Still out of breath from a stage in the Tour de France mega-race, Lance Armstrong brushed by the media hounds and went straight to Twitter, giving his fans an up-to-the-minute account of what happened and how he fared.
The Twitter Launch of Verified Accounts
Shouldn't he have stopped by the media tent to give the event the international coverage it deserves? Perhaps Lance chose to tell the story his way, first, to people who wanted to hear it right from him. But how do his fans know that those were his words, and not those of an imposter?
For this reason, Twitter has announced that it is launching "Verified Accounts" in an effort to protect the integrity of its account holders' identities. Twitter officials stated that the "Verified Accounts" feature will be an official seal of legitimacy on the profiles of public officials and agencies, and other well-known persons.
Legal Ramifications of Impersonations on Twitter
Stories of impersonation have occurred throughout the ages. A clever imposter fooling everyone about his identity is the stuff of movies and mysteries. Recent movies based on actual events have shown how the imposter hoodwinks the world around him. But when his charade is eventually found out, the whole persona unravels and he finds himself in trouble with the law.
Twitter is such a recent phenomenon that its abuses have not yet been widely tested in the courts. As with many "cybercrimes," the culprits are difficult to identify and locate. The individual whose identity is impersonated is the person most likely to be viewed by courts as having suffered "injury" and thus would have standing to sue. What will be difficult to determine is the value of the injury, and whether it directly or indirectly harms the reputation of the person. It may be argued that the effect of the impersonation was to generate more PR and thus put the celebrity in the limelight where they wanted to be.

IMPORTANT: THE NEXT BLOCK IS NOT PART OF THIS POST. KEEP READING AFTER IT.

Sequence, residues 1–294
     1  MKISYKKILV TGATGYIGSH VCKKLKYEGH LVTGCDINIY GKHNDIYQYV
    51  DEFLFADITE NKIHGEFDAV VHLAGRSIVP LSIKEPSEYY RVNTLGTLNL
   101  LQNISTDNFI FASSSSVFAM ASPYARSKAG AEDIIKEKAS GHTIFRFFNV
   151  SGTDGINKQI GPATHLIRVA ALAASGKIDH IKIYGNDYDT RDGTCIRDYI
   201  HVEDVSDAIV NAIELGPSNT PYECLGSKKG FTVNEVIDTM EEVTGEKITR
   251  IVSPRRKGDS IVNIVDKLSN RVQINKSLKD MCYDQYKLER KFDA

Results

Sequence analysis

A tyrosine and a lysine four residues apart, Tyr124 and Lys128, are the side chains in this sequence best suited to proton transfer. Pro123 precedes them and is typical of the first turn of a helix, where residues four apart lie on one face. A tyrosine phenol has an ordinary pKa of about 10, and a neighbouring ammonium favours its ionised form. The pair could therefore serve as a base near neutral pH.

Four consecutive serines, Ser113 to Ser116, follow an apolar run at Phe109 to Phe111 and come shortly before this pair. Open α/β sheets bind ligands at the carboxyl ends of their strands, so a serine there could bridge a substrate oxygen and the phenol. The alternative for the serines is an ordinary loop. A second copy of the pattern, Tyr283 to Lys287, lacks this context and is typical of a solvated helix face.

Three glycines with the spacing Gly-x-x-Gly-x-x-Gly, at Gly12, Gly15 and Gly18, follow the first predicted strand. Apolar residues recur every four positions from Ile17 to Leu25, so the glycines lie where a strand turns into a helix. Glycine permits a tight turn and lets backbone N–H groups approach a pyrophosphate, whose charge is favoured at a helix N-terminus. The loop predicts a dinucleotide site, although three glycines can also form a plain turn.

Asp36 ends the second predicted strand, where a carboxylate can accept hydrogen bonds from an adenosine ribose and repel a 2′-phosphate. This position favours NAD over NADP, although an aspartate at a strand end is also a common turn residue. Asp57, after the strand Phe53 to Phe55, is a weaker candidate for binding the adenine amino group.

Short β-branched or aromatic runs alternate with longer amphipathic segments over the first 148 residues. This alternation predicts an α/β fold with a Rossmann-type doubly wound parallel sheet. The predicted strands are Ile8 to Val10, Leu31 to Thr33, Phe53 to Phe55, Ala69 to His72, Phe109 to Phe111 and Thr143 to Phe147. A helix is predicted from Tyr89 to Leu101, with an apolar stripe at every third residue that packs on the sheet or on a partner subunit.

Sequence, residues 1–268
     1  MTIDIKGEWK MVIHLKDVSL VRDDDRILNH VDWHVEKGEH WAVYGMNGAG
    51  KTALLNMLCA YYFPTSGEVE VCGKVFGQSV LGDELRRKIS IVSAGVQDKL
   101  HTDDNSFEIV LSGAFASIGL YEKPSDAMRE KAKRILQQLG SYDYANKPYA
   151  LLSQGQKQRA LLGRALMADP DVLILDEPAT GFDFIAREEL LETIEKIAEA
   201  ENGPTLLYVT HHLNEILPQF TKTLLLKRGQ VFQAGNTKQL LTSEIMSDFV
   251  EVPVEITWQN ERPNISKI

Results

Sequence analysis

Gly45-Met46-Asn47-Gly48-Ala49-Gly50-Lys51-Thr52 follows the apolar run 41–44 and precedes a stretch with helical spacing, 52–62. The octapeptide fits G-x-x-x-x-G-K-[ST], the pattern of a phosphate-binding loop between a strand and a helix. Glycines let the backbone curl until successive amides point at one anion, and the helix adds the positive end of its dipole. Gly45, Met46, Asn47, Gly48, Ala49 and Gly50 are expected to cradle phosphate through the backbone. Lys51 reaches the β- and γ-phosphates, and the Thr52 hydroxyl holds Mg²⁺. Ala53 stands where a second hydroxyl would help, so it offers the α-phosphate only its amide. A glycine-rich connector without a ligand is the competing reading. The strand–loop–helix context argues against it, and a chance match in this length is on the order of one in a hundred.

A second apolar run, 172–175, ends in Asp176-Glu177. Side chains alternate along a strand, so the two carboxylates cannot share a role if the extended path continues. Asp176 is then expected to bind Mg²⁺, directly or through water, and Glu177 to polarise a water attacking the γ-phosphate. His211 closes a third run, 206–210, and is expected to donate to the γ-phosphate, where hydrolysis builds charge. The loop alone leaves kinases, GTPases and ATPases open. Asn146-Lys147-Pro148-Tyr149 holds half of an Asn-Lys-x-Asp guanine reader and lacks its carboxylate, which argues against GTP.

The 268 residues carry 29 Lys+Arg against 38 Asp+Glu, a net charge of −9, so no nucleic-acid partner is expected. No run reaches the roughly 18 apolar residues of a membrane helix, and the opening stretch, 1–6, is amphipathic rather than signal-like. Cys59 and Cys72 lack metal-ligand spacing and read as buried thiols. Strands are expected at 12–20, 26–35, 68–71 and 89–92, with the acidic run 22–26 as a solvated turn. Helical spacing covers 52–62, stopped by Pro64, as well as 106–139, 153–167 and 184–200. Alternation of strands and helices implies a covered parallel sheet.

Recently, the manager of the St. Louis Cardinals, Tony LaRussa, sued Twitter for "cybersquatting," trademark infringement and misappropriation of his name and likeness, after someone registered the handle "tonylasrussa" on Twitter and posed as him. Although LaRussa has stated that the suit settled out of court, Twitter has denied it.
Address Abuses of Accounts
If you or your company or office have been the victim of imposters on Twitter or other sites, seek the advice of an attorney to discuss whether legal remedies are available to you. Among the considerations will be the likelihood of identifying the culprits, and the difficulty of identifying and measuring the damages, or harm, that you have suffered as a direct result.
If you suspect that someone is abusing your Twitter account, or that it's somehow being mishandled, take immediate steps to correct the problem. You may be able to get help from the Twitter staff. If your complaints go unanswered, consider other sources of assistance such as the Better Business Bureau. You could even go so far as did Star Trek star LeVar Burton, who started an account to combat his own impersonator. Of course, you should avoid the temptation to yourself impersonate someone. Your identity could eventually become known and you could suffer the legal and monetary consequences, and possibly even criminal prosecution. As this is a fairly new area in the law, these are uncharted waters and the dangers are not fully known.
Questions for Your Attorney
- On social networking or blogging Web sites, is the information posted on my page my property, or does the site have any rights?
- Could a site such as Twitter be required to offer impersonation protections to all subscribers or users?
- Do I have to do anything to assert my property rights in materials I post on the Internet? Is copyright protection automatic? Is my identity protected?